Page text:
Tropical Cyclone Winston made landfall in Fiji on Saturday night with record-breaking winds of 184 mph—the strongest cyclone ever recorded in the Southern Hemisphere.
As Slate explains, Winston’s strength can be attributed to “[e]xceptionally warm ocean temperatures, egged on by a record-strength El Niño.”
Unfortunately, Winston is just the latest environmental consequence of global warming for Fiji. The island nation, which became the first country to ratify the Paris climate change agreement earlier this week, is being heavily impacted by rising sea levels and other effects of climate change, making Fijians into some of the world’s first “climate change refugees.”
According to National Geographic, climate refugees include anyone who is forced to leave their home due to the effects of climate change, and reports that the International Red Cross estimates that there are more climate refugees than political refugees in the world today. Just this past week, the first official climate refugees of the continental United States were named—joining the Alaskans who have been victims of flooding land.
The island nations of Oceania, including Fiji, are particularly affected by rising sea levels, which eventually force communities to higher ground. The situation made international headlines last year, when Ioane Teitiota, a man from the Oceanic island nation of Kiribati, attempted to become the first official climate change refugee, petitioning the government of New Zealand for refugee status. A Bloomberg article on Teitiota’s case explains his argument: he was forced to leave Kiribati as climate change made life their unsustainable; because New Zealand—as an industrialized nation—contributed to the climate changes that necessitated Teitiota’s relocation, they have an obligation to provide assistance to him and other refugees. Ultimately, Teitiota’s request was denied.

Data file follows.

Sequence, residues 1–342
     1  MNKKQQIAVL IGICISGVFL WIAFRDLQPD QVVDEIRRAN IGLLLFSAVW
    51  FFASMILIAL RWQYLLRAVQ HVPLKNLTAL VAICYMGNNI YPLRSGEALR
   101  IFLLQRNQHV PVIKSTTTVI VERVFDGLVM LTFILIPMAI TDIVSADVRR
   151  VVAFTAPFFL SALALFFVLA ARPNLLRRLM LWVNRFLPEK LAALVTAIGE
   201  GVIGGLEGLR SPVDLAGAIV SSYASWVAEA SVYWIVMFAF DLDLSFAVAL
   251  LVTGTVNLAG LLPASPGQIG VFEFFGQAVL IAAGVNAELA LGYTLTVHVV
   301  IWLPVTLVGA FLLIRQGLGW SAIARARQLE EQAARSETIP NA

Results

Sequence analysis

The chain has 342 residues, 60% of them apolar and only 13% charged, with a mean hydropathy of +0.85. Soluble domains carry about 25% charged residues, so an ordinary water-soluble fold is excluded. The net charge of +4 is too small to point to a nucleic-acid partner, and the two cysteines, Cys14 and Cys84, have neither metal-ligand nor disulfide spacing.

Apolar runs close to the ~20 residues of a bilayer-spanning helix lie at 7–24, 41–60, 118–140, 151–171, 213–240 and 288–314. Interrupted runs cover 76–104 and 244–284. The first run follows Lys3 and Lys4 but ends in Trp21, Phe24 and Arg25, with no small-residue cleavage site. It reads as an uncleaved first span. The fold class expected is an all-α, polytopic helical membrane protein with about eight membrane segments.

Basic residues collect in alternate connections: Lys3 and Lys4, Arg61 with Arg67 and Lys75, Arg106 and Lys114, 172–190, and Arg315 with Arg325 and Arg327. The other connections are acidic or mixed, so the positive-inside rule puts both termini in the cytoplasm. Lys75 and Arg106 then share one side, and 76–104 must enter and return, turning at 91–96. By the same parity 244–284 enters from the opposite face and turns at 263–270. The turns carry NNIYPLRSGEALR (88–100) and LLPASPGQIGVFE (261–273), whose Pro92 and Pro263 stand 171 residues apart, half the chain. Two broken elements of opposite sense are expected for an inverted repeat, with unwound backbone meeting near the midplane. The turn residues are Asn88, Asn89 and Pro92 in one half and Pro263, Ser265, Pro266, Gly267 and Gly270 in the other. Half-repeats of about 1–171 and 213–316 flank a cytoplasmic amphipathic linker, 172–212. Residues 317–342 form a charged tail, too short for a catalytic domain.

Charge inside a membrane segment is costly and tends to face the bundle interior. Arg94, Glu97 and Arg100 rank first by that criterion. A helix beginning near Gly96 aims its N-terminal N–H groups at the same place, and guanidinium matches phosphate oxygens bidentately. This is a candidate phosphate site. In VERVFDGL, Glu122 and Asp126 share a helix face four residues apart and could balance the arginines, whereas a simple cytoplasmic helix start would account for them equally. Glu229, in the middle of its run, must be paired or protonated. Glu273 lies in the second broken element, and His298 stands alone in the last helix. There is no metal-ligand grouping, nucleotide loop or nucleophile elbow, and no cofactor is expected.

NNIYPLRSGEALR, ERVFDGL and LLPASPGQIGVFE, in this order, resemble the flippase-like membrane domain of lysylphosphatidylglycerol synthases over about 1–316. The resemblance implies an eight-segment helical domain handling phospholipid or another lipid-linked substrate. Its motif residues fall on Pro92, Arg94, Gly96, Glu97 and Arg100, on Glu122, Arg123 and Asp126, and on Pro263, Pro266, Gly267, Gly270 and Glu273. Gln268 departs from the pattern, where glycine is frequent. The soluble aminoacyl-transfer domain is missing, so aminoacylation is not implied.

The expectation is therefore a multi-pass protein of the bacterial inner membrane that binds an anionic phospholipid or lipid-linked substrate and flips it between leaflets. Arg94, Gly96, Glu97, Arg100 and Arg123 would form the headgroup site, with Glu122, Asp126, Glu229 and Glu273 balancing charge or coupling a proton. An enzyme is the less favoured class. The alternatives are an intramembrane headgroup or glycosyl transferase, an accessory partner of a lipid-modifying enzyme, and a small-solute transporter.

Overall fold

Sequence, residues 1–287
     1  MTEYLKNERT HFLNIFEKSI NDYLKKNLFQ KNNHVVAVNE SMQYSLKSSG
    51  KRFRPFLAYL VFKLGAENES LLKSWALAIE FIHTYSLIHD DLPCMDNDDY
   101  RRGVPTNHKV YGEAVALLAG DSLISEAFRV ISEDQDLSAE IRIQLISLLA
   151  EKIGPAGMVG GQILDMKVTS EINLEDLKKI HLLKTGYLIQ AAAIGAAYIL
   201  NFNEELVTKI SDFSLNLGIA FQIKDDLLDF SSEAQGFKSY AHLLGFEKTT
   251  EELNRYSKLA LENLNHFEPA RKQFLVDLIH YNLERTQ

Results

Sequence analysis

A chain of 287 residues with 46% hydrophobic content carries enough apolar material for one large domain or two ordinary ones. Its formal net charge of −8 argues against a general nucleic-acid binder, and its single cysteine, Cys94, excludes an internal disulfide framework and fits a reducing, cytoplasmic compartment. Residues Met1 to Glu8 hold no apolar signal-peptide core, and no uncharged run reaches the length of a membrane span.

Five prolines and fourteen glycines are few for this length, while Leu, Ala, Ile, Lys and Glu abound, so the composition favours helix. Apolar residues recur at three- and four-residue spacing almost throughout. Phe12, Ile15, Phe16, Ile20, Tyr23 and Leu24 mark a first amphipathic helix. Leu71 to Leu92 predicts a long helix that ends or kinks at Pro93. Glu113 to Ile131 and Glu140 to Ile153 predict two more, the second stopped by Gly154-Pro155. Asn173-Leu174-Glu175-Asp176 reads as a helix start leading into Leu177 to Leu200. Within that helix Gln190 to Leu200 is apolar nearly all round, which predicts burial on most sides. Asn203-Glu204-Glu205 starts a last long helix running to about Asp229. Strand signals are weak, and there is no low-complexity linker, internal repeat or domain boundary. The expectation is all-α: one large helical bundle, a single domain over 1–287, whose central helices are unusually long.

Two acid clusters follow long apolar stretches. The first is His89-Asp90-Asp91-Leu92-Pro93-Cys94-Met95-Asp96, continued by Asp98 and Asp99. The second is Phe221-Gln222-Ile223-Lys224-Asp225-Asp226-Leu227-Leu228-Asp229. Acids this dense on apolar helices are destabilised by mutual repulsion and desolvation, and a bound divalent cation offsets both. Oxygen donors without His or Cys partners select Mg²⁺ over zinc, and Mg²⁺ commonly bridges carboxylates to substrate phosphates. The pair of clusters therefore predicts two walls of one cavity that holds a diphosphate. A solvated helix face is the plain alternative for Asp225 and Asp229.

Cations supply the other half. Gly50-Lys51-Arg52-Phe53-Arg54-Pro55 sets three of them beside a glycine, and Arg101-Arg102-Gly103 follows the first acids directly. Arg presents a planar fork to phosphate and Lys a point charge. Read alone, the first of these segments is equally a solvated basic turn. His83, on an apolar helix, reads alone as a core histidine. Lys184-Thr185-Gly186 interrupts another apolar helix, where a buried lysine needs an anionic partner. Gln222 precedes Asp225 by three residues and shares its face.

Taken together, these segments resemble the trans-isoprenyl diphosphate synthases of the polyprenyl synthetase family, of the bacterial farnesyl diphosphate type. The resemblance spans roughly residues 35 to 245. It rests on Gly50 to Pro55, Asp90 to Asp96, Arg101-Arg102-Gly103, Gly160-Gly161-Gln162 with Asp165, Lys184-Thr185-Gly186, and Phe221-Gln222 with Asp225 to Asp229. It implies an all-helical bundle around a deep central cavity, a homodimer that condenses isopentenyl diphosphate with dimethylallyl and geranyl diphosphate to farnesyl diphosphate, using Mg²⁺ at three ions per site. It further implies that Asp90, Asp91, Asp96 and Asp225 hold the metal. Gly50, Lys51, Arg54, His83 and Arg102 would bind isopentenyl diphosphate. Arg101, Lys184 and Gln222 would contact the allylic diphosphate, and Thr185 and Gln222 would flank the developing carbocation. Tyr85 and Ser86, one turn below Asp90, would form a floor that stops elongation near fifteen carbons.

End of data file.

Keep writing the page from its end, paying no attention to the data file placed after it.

As Bloomberg notes, governments are loathe to create another class of individuals needing refugee status, but the crisis in Oceania—where sea levels are rising four times higher than the global average—necessitates action.
While they wait for the rest of the international community to agree on the treatment of climate refugees, some Oceanic nations are taking small steps to alleviate the issue in the short term. Kiribati has purchased land on the Fiji island of Vanua Levu with the intention of resettling its citizens there as the need arises. Fiji itself has determined that 45 communities will need to be relocated to higher ground within the next five to ten years. In 2014, the village of Vunidogolo became the first village relocated under the Fiji program.
With sea levels predicted to rise around 1 meter by the end of the century, it’s painfully clear the Fiji climate change program is a temporary solution. To address their dire circumstances, the island nations of Fiji, Kiribati, Tuvalu, and Tokelau have formed a coalition to campaign for the establishment of an international body to oversee population migration due to climate change, arguing that first world nations who have contributed the most to climate change should be prepared to assist those most impacted by the consequences. While attempts to form such a body have failed so far, some countries—including the U.S., Britain, and France—seem to be open to the idea. Hopefully, the international community can reach an agreement before the crisis becomes unmanageable.